He was exceedingly surprised, not so much at M. de Choiseul giving such an order, as at D'Affry daring to think of doing such a thing in a law-abiding country; he put a lot of questions each one more pertinent than the other, and with the greatest composure in the world; I did not wish to discuss the matter with him, as I should have found it rather difficult to answer his enquiries and enlighten him on the points he raised. I told him there was no time for discussion, but that he should start at once if he considered his safety, that he had till the morrow to make his preparations, as even if M. d'Affry intended to take steps he could not do so until 10 o'c. the next morning, and before then he (St. Germain) should have made and carried out his plans.[p. 212]
The method of his retreat was now discussed as well as the question of where to go. . . .
With regard to the first, I offered him my services . with regard to the second, I suggested England; its proximity, its laws, its constitution and the greatness of this nation offering him a nearer and safer refuge than that of any other country. . . . We agreed on this point; I said that I would procure him a passport from Mr. Yorke, as without it he could not embark on the Packet Boat. As a ship was crossing the next day, I said he would do well to go on board at Hellevoetsluis and to do so as quickly as possible; this done all d'Affry's proceedings would be too late, etc. . . . In the evening about seven or eight o'clock I went to St. Germain and took him the passport. He put a lot of questions to me which I evaded answering, requesting him to think rather of more pressing matters than of queries which were abstruse and useless in the present emergency. He decided to leave: as none of his servants knew either the language or the roads or the customs of the country, he asked me to lend him one of mine, which I did, with pleasure. . . . I did more, I ordered a coach with four horses for the purpose of going to Leyden to be before my house at 4.30. next morning, and told one of my servants to pick up the Comte de St. Germain on the way and stay with him until he should be sent back to me. . . .
(A defence of his (Bentinck's) conduct follows, saying that secret treaties have always been allowed.)
If the Comte de St. Germain had shown as much prudence as he had shown zeal, he would have, I believe, much accelerated Peace; but he relied too much on his own intentions and had not a bad enough opinion of those of the men with whom he had to deal. What piqued[p. 213] [paragraph continues] Comte d'Affry was an underlined sentence in a letter which St. Germain wrote to Mme de Pompadour. (I have heard it from those who have seen it). . . . I have only to account for my conduct to God and my Sovereign . . . as to what goes on in my house . . . the people I see and admit, of these I need give no account. For thirty years I have been a member of the Nobility and I am known never to have mixed with adventurers or impostors, or to have received scoundrels. M. de St. Germain came here with very good recommendations, I saw him because I liked his company and conversation; he is an agreeable and polite man whose conversation is amusing and varied; one can see at a glance that he has been brought up in the very best Society: true I do not know who he is, but the Comte d'Affry told me that his Most Christian Majesty knows; . . . that is enough for me! Should M. de St. Germain return to the Hague I shall again see him, unless the States of Holland forbid it or unless I become convinced myself that he does not merit admittance to my house.
April 25th, 1760.
I have been told that St. Germain was at Dijon and lived there very sumptuously. The Comte de Tavannes, the Governor, wrote to the Court enquiring what policy to pursue with regard to him . . . as he "did not know who he was." . . . He got the reply that he was to show the Comte de St. Germain all the consideration due to a man, of his position, and to permit him to live in his own fashion.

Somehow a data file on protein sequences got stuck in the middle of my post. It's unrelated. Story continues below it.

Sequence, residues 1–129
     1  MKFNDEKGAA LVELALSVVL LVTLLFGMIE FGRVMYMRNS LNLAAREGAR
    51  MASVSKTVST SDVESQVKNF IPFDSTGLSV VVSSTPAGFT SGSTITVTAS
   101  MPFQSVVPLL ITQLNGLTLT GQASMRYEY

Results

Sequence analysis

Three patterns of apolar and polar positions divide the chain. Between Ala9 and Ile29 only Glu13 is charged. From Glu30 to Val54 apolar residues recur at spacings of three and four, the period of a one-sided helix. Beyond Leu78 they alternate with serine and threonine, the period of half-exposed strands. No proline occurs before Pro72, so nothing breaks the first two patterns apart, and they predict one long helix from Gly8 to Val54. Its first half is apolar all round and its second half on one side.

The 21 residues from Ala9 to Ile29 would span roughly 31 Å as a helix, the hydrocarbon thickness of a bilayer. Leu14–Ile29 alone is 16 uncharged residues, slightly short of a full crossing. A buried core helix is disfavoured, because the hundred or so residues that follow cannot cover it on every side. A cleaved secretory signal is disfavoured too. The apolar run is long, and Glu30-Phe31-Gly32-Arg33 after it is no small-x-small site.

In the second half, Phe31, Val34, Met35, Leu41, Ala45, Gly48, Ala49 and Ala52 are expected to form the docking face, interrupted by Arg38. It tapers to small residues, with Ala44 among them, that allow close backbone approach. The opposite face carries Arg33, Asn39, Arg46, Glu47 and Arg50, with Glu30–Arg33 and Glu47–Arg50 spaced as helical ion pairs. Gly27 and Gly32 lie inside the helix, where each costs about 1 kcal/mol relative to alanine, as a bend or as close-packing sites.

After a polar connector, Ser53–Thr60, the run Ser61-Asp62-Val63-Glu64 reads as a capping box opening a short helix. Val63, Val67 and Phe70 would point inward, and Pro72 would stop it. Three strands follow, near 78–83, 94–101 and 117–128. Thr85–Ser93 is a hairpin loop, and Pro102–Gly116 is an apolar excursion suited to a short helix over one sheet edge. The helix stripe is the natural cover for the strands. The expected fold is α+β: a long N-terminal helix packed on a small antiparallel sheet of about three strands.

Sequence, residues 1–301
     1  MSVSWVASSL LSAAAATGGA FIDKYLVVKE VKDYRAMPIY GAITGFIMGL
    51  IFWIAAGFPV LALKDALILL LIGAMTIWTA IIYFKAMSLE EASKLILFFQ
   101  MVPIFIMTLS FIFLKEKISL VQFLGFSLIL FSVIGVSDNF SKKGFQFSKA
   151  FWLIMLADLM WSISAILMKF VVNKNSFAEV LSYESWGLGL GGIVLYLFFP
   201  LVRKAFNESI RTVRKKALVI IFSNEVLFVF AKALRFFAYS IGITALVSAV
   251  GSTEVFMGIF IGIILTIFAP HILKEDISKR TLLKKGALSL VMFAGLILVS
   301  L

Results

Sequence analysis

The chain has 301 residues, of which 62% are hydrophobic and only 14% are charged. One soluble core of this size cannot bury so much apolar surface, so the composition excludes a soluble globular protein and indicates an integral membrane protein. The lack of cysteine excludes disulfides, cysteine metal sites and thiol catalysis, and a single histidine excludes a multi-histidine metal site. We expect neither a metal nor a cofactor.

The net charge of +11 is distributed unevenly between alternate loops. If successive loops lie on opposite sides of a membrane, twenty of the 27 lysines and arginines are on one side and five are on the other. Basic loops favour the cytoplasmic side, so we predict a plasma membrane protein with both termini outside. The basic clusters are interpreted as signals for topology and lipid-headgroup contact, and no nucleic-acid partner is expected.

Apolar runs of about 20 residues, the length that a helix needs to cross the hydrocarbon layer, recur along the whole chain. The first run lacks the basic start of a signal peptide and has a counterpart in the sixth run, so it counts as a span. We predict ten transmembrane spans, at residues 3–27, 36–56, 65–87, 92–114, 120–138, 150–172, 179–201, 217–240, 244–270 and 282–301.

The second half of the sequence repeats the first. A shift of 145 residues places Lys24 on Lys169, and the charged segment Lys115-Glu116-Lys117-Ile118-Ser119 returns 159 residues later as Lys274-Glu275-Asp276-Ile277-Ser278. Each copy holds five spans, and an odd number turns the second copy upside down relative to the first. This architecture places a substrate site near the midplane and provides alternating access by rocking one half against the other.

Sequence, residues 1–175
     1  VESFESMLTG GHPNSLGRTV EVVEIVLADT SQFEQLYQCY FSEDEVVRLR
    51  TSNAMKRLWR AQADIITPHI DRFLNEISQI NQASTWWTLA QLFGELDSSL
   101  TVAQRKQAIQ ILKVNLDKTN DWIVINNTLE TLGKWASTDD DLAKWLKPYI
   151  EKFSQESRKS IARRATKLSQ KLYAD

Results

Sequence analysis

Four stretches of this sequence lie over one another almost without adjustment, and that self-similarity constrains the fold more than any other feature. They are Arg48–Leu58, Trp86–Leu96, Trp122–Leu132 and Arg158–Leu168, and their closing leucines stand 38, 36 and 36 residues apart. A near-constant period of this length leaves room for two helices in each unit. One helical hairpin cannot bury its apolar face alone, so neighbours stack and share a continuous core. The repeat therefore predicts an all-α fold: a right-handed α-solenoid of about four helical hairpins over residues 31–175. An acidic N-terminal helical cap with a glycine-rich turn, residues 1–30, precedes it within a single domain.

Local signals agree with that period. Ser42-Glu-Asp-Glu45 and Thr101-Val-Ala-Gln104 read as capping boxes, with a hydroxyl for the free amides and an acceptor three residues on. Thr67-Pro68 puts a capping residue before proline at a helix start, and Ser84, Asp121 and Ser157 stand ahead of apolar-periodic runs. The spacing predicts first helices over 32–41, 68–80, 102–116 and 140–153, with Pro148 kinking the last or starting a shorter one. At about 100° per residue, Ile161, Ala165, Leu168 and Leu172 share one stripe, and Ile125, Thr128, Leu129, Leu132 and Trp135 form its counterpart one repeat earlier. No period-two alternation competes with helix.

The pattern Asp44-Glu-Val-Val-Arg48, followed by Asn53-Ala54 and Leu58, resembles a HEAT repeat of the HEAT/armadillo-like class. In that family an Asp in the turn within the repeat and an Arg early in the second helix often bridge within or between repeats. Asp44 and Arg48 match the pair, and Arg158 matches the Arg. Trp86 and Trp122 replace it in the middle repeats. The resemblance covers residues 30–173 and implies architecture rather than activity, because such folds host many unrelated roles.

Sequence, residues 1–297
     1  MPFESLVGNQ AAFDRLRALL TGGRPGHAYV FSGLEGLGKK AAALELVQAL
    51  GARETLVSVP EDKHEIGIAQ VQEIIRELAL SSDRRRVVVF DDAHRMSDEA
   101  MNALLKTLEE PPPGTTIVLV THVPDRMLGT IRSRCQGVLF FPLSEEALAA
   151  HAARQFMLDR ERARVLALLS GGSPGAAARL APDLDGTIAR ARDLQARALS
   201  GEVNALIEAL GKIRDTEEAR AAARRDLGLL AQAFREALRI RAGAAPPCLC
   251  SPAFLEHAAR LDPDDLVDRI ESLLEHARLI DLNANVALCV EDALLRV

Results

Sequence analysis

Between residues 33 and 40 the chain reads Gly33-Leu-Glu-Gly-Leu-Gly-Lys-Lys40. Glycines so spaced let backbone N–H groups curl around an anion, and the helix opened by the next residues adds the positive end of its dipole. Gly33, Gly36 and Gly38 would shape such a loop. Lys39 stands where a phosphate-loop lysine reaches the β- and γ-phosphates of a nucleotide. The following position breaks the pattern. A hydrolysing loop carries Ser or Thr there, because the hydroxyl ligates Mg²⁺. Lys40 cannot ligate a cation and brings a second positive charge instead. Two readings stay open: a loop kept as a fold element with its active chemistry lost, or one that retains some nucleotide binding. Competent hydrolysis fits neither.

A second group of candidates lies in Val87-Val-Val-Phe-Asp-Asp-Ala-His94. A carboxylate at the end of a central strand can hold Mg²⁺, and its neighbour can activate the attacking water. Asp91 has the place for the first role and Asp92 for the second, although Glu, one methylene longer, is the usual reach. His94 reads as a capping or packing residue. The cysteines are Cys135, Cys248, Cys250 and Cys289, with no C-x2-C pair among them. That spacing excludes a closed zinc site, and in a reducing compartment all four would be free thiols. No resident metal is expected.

The Comte de St. Germain, by Isabel Cooper-Oakley, , at sacred-texts.com[p. 214]
EXTRACTS FROM THE "MEMOIRS OF HARDENBROCK" (EDITION OF THE HISTORISCH GENOOTSCHAP OF UTRECHT), VOL. I, P. 220; TRANSLATED FROM THE DUTCH ORIGINAL.
I have been told that Rhoon (Bentinck) had despicable relations with the English, amongst whom there was a certain Paymaster named Nugent, although the Comte de St. Germain, who is away at present, considered him well disposed towards France.
Doublet told me the following, declaring he had heard it from Hompesch: . . . "that Rhoon had several secret interviews with the so-called Comte de St. Germain, after which the Comte de St. Germain called on the French Ambassador telling him that Rhoon was not as friendly disposed towards England as was believed; that he (St. Germain) had written to France to this effect and that this being so, such an influential man should be made use of." D'Affry finally answered the repeated entreaties of the Comte de St. Germain by saying that he "knew the Sieur Rhoon well; who, being dependent on England as he was, could not render services of any value to France." He (d'Affry) consequently requested him (St. Germain) no longer to frequent his house.[p. 215]
Upon this followed the demand of France for the arrest of the Comte de St. Germain. He was however warned and left . . . in a carriage with one of Rhoon's servants, armed with a passport which Rhoon had procured him, by the help of the Minister Yorke. The latter, however, would only give it in "blank," and Rhoon filled in the name himself, repeatedly saying that the move on the part of France was nothing but "Court intrigue."
March 10th, 1762.
I have been told that the so-called Comte de St. Germain has now taken up his residence at UBBERGEN near NIMEGUE; that he also owns some landed property near Zutphen; that he has a huge laboratory in his house in which he shuts himself up for whole days at a time; that he knows how to bestow the most lovely colours imaginable on things, for instance on leather, etc.; that he is a great philosopher and lover of Nature; a fine conversationalist; that he seems to be virtuous; that he looks like a Spaniard of high birth; that he speaks with much feeling of Madame his late mother; that he sometimes signs himself "prince d'Es." . . .; that he is proud that he is desirous of encouraging Manufactures in the Republic, but that it is not his intention to favour any one town or Province, in spite of the fact that Amsterdam has already made advantageous offers to him on condition that other places should be excluded; that he has rendered great services to Gronsveld by helping him to prepare the colours for his China Factory in Weesp; that he is on the best of terms with Rhoon, on whom he often calls and with whom he corresponds; that he has besides an enormous correspondence with foreign countries; that he is known at every Court; that the late Prince of Wales (who was a despicable character) treated him very badly,